This morning, we navigated the waters of this tricky stock market. I didn’t trust the rally we experienced overnight, and said so. Actually … what I said, was that I had no idea what was about to happen. What we did know, is that the morning rally meant nothing, and we would have to need to see if we could receive a one hour candle close above the 1955, 1956 region in the September e-mini S&P 500 contract.
Which never happened.
So again, there was no reason to be long.
And as you may have seen …. again in the stocktwits stream … I shorted USD/JPY for a paltry 29 pip profit. So that’s about 58 pips in two days. Much less the 300 pips I made last week.
Regardless. Know that as of this evening, we are 100% cash, and remain so overnight.
Now, let me talk of another matter.
I have heard that some want to compare this event, to the 2008 crisis. I’ll just say it right now. I think that is insane. This looks absolutely nothing like 2007, and 2008. I heard some yahoo blathering on about derviatives, and how we would have a repeat of 2008 because of derivatives.
Are you kidding me?
Were the people making such claims even in the market in 2007, and 2008? Some of this we have already discussed with our own clients, and shared the metrics we are observing. But for the sake of making sure everyone understands our stance …
First of all … it’s OTC derviatives that were the problem in 2007 and 2008. Not regulated derivatives, which most of us trade. SPY could be, of a sort, considered a derivative, after a fashion. Your AAPL Puts? Guess what? Going by the strict definition of the term, those are derivatives too. OTC derivatives were the problem. They still are a market of size. However, from my understanding of the matter (which could be in error, I admit), they have been shored up by a massive (and I do mean massive) clearing house. If I’m not mistaken, it now goes through London. There may be problems with the limited number of players? However … the cash is there.
Which leads me to my second point. They are O.T.C. Which means that they are not on a regulated market. Which means they are difficult for the rest of us to look at, and examine.
Which leads me to my third point. If there was a problem between the banks? You’d probably begin to see a pretty large up-tick in interbank loans. Everyone and their brother was wanting to talk about the risk of high yield to equities (new folks? Think of it as the spread between JNK and SPY) as increasing showing an uptick in all credit risk. But for pities sake … it’s high yield !!! Of course, during risk events in an improving economy, you’re going to see the spread there widen. So what about quality bank spreads? Funny how the ‘experts’ are not touting and discussing quality bank spreads. Because you had best believe that the bankers will stop trusting each other in a heartbeat if there is a problem in that quarter. And the simple place to look … to see if that is the case … is interbank loans. Three month LIBOR has had a slight uptick. But not much to really write home about. The TED spread was near historic lows.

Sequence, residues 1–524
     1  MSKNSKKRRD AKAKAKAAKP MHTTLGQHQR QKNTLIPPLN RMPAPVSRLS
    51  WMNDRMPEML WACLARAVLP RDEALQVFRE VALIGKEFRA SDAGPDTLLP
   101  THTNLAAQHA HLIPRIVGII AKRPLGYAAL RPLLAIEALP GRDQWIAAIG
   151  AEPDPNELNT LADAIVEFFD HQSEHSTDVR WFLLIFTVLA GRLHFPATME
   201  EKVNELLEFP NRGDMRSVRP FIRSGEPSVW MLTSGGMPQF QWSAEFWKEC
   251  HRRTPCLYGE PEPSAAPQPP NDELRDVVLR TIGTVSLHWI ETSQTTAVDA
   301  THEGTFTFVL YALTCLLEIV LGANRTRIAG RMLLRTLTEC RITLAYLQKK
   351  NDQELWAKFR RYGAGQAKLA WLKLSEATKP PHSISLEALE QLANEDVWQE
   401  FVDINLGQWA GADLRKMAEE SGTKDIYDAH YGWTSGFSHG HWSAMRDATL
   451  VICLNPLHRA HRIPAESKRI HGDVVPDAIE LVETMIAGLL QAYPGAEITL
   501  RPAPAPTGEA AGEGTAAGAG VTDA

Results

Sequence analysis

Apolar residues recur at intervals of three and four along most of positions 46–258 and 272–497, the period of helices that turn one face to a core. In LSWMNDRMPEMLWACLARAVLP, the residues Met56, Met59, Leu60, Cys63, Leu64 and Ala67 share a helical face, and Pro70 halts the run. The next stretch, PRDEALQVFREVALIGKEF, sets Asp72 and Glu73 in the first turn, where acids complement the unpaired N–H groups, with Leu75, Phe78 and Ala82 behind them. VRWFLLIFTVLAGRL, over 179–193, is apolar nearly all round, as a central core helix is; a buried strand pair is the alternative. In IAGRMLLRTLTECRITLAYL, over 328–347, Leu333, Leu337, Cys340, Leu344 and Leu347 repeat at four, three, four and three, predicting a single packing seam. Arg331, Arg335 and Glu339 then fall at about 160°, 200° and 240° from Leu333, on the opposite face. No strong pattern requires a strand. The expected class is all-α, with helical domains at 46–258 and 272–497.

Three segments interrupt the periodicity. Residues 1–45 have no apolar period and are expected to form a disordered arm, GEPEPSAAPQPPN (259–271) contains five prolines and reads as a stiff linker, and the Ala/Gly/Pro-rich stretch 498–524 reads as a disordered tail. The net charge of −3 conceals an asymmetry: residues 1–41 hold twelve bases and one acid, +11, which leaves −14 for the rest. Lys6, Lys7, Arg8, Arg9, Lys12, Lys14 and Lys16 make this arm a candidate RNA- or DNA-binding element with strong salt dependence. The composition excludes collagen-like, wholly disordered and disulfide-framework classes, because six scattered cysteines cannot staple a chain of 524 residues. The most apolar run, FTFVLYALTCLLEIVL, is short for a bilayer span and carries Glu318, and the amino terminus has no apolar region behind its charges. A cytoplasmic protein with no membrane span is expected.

There are definitely storm clouds on the horizon. Could we spin, via tail-risk, into an unknown event? Sure. But because of the issues were on-hand in 2008? Hardly. Are the events in China causing a new type of risk event here? Absolutely.
At the moment, we are 100% cash. There was no reason to get long today. The markets still look absolutely ugly. 30’s have been getting whipped around like nuts. I’ll pray for anyone trying to guess the direction of the long bond.
I leave you with the sounds of an approaching storm …